Making State and National news, there is no doubt that PFAS is top of mind for water experts and consumers alike. To provide you with an updated snapshot of the many moving parts of this complex issue, let’s take a look at what’s currently in the PFAS pipeline:
This month Governor Gavin Newsom signed a bill to establish the Safe and Affordable Drinking Water Fund, which aims to improve access to safe drinking water for residents in disadvantaged communities. Approximately 1 million Californians currently lack access to safe drinking water, the vast majority of whom live in small rural communities that rely on private drinking water wells or poorly maintained water systems contaminated by harmful constituents such as arsenic, nitrates, and 1,2,3-TCP.
Lead testing was in the mainstream news yet again this month after a report gave California a “C+” for its policies to protect children from lead in drinking water at school. In fairness to California, it was one of the only states to receive a “passing” grade, as 22 of the 32 states analyzed received an “F” letter grade. If you’re a parent like me, however, you probably feel like a C+ report card is hardly worth celebrating.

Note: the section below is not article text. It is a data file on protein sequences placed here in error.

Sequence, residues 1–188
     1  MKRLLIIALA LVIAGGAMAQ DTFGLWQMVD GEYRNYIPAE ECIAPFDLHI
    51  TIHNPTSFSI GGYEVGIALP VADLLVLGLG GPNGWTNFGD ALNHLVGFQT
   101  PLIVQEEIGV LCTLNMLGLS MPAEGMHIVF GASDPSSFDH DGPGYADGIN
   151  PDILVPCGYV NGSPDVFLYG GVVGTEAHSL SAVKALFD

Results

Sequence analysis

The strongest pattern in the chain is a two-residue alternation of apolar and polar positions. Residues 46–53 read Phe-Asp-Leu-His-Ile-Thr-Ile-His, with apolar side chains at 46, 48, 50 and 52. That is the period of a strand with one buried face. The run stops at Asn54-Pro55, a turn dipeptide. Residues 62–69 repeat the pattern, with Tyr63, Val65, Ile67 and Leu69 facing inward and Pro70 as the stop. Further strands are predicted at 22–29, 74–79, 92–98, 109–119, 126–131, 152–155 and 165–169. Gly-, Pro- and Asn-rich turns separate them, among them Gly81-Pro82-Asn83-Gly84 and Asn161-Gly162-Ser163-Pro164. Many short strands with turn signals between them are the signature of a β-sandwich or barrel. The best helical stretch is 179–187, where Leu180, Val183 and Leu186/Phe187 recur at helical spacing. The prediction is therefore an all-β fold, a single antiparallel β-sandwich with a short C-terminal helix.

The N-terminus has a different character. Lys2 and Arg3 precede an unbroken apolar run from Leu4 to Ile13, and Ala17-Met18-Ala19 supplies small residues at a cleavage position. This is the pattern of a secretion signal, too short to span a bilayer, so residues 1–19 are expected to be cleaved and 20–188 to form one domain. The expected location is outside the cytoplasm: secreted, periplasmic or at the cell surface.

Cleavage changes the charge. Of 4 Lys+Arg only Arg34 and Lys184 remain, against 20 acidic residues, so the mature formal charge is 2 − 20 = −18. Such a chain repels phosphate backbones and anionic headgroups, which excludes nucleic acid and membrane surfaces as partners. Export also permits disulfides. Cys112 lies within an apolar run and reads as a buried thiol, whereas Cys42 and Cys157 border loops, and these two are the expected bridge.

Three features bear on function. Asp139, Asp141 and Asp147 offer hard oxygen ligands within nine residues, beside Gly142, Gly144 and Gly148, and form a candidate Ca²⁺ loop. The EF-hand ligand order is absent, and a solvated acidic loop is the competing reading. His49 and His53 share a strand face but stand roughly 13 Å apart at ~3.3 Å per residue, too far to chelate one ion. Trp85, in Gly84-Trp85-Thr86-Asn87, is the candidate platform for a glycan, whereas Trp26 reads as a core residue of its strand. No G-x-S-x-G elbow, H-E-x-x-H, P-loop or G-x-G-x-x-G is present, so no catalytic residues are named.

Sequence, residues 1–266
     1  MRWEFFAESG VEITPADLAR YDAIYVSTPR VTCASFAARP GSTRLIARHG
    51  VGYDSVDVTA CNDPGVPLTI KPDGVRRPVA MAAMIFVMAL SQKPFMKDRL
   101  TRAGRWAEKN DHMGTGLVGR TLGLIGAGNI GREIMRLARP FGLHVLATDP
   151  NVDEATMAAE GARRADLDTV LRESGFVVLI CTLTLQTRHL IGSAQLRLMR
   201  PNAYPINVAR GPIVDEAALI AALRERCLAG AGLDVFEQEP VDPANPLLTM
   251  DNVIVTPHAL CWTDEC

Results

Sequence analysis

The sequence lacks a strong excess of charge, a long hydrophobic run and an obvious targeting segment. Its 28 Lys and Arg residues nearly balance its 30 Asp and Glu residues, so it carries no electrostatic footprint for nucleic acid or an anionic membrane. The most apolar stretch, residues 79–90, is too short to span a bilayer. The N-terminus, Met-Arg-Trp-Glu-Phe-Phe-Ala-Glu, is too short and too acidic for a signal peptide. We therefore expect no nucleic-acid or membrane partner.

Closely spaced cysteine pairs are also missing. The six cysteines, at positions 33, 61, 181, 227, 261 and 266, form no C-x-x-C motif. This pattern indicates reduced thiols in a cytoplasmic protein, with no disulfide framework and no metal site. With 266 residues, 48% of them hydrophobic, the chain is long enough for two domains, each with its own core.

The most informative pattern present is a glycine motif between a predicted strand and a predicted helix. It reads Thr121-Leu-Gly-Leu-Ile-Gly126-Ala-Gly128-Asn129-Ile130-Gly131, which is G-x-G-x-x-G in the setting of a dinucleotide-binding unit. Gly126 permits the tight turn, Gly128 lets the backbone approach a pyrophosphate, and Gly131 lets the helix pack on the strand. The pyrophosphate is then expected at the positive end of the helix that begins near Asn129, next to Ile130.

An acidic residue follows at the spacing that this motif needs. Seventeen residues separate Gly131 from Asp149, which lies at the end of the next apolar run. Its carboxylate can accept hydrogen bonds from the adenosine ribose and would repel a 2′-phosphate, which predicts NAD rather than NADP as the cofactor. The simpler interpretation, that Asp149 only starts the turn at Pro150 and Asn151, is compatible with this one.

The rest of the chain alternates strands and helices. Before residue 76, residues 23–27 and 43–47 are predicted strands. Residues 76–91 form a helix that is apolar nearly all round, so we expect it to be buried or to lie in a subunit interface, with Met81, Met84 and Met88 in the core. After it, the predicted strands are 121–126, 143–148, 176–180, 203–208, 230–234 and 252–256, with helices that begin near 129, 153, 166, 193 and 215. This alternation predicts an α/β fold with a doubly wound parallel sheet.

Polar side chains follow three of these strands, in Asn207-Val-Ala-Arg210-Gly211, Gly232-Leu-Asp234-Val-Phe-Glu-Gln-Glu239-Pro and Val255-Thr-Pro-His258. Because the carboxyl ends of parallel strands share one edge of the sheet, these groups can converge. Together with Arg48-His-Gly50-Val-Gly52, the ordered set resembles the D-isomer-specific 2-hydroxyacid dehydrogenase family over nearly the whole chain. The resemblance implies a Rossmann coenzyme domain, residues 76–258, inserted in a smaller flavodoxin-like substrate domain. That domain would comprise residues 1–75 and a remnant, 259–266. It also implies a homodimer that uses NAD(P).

But what exactly did the report base its assessment on?
March 22nd marked World Water Day, an annual United Nations observance aimed at tackling the global water crisis. This year’s theme, “leaving no one behind,” focused specifically on U.N. Sustainable Development Goal 6: access to safe and affordable drinking water for all by 2030.
With the wide-spread scarcity of safe drinking water supplies, one might wish it were possible to pull water out of thin air—and that’s exactly what one company has done.
From the desert to the sea, California cities are tackling the problem of limited water supply with recycling and reuse solutions.
Promised federal regulatory actions from the EPA, the addition of PFOA and PFOS to Proposition 65, and phased implementation of the Water Board’s new Action Plan all point to one thing: PFAS liability for California.